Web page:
A Town of Hempstead satellite office in Roosevelt once offered community residents easy access to municipal services and staff. Just not anytime recently, according to frustrated neighbors, who said the bureau was almost always closed in recent years and looks abandoned.
"It really bothers me," said longtime Roosevelt resident Natalie Gary, who has visited the office repeatedly in the past few years and never found it open. "Taxpayers are paying for that."
But a Hempstead spokesman disputed any longtime interruption in operations at the storefront space on Nassau Road, saying staff kept regular hours there until early February, when the facility closed for upcoming renovations.
Before that, “there was not a lapse, it was not closed,” spokesman Greg Blower said.
These conflicting accounts add some mystery to the otherwise unassuming town-owned workplace. So do recollections of a former Hempstead official who visited the space in 2018 and found it “filthy” and “disgusting.”
Blower said the town established the satellite office around the late 1970s to enable Roosevelt residents to do things such as apply for affordable housing and home rehabilitation grants without having to leave their neighborhood.
The Department of Planning and Economic Development runs the facility, which also fielded gripes from community members about problems in the area — a service that resident Eme Funderburke said she and her neighbors appreciated.
“Roosevelt is a small hamlet but we have large issues,” said Funderburke, citing gang activity, commercial trucks blocking roadways and other problems. “It is an important office.”
But Funderburke said she’s visited the bureau at least six times in the past two years and hardly ever found it open. When she did, she said, only an administrative assistant was there. She said she and others have lodged complaints with the town about the issue to no avail.
“It has been so useless for so long,” she said. “If the building was open, doing was it was supposed to, why would people even complain about it?”
Adam Haber, a former Hempstead deputy chief of staff, said he himself sought to see the space in 2018 but found it locked. After knocking, two town employees appeared from inside to let him in. He said he was shocked by what he found inside.
“There were dead plants, there was garbage and paper and boxes all over the place,” he said. “The place looked like a hoarder lived there.”
Haber said he raised the issue with George Bakich, then the commissioner of the Department of Planning and Economic Development. The department acquired the property in 1984, according to its website.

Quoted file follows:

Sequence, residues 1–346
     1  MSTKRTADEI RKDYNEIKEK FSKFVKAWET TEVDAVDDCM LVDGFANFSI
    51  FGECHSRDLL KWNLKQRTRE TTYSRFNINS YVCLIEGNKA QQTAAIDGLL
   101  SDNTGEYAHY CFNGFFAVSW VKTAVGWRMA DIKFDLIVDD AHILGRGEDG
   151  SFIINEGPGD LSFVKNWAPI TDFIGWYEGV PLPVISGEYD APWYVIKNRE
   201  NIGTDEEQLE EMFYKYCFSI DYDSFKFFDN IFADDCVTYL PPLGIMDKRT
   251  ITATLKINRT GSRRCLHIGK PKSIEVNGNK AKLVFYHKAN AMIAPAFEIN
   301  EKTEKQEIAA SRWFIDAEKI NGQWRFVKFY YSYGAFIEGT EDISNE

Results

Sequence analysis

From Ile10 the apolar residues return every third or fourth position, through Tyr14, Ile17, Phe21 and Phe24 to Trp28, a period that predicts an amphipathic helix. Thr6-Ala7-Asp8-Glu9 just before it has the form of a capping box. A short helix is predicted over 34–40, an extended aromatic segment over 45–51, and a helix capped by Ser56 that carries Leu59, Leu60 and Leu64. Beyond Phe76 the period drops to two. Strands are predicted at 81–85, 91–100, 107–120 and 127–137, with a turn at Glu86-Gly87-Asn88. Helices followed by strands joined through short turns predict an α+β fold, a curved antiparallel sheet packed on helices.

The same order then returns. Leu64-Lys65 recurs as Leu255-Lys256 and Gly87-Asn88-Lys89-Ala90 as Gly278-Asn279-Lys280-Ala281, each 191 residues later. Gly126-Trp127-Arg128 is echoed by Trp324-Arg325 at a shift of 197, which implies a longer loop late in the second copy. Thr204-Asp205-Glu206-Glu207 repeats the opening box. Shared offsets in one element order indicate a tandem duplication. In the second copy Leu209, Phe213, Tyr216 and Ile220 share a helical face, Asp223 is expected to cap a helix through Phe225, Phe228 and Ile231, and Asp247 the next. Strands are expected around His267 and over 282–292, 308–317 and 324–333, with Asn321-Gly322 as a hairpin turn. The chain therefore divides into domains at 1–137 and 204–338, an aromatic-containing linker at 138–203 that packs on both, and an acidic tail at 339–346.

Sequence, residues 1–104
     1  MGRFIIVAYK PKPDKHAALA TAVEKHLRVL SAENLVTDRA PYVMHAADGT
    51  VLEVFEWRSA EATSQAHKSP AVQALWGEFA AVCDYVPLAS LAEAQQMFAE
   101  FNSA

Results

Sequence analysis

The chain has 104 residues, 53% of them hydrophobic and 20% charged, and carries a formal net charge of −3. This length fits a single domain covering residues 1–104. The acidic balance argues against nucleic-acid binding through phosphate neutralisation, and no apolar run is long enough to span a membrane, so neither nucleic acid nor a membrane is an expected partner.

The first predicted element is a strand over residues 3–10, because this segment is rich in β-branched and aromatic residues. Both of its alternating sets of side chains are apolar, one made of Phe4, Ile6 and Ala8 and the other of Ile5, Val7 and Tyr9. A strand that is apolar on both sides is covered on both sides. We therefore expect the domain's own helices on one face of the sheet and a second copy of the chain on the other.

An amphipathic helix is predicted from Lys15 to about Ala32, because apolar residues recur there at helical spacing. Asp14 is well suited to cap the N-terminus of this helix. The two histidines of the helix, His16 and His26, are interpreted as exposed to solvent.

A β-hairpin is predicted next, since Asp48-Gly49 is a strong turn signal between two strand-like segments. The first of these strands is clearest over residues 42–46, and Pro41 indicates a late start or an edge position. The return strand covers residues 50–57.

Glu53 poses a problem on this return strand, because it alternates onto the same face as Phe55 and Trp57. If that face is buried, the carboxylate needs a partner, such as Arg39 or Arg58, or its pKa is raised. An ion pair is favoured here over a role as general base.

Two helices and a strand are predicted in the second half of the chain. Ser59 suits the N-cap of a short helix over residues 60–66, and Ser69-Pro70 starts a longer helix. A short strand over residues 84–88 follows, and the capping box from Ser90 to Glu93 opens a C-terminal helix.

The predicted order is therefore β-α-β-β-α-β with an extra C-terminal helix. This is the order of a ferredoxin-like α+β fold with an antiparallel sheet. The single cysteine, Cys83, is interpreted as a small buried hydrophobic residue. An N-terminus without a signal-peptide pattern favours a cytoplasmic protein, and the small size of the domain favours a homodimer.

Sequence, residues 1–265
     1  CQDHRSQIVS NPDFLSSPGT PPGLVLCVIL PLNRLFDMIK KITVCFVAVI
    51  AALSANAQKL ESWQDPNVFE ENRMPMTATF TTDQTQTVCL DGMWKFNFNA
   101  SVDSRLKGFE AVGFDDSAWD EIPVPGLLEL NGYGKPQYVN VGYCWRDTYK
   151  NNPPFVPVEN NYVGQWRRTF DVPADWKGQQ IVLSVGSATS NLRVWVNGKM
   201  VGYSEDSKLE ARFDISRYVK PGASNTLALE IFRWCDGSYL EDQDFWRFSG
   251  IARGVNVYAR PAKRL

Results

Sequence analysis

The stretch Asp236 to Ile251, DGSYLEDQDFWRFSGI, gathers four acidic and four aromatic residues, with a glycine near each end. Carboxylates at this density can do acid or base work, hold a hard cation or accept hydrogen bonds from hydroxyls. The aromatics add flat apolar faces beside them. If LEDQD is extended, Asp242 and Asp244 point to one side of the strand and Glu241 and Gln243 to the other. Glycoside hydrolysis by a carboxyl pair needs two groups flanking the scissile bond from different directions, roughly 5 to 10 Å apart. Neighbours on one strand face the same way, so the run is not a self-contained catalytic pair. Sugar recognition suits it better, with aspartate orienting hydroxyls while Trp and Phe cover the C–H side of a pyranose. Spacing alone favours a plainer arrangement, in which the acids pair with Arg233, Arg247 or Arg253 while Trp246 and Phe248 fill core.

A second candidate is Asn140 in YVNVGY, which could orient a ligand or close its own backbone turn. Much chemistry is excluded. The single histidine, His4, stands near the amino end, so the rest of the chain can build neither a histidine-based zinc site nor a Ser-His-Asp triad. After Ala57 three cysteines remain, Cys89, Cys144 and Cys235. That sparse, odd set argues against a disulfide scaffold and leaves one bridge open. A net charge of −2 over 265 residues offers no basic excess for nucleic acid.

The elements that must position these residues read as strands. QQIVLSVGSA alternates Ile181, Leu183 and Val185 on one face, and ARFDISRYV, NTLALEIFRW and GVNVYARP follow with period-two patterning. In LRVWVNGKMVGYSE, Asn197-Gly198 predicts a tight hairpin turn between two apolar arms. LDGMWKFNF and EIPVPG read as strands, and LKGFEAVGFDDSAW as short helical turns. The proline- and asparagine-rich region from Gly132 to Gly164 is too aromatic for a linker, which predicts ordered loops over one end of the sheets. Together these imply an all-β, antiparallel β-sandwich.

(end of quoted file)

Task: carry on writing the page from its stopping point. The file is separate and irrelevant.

Bakich retired and the department currently does not have a commissioner.
Jonathan Crist, a deputy commissioner of the department, did not respond to a request for comment.
Karen Ulloa works at an international money transfer shop next door. She said last week she’s never seen anyone enter or exit the Hempstead office in the past three years.
“Maybe it’s closed?” she asked.
An employee at another neighboring business who asked not to be named said he's seen regular foot traffic at the facility, but only ever the same two people coming or going.
Hempstead Senior Councilwoman Dorothy Goosby, whose district includes Roosevelt, did not respond to a request for comment.
Doug Mayers, president of the Freeport-Roosevelt NAACP, said the property could be a real benefit to the majority-minority residents of Roosevelt if it reopened.
“The office is there but it does nothing for the community,” he said. “The town should revive the office and do what it was supposed to do from the beginning.”
That may soon come to pass. Funderburke inquired about the facility at a recent town board meeting, and Hempstead Supervisor Don Clavin, who took office in January, told her the town is renovating it.
“It’s going to be reopening, we’re just making it a little more presentable inside for the residents,” he said. “We recognize a lot of residents come in there.”
Clavin visited the property after taking office and “wasn’t happy with what he saw,” Blower said.
Clavin said in a statement he and Goosby asked staff to evaluate the property for renovations. Town staffers visited the office Tuesday to assess what those upgrades should entail, Blower said.
He did not know when the revamp would conclude. When it does get renovated, he said, the office will serve its purpose once again.
“All the services that were there previously are going to be remaining at that facility,” he said.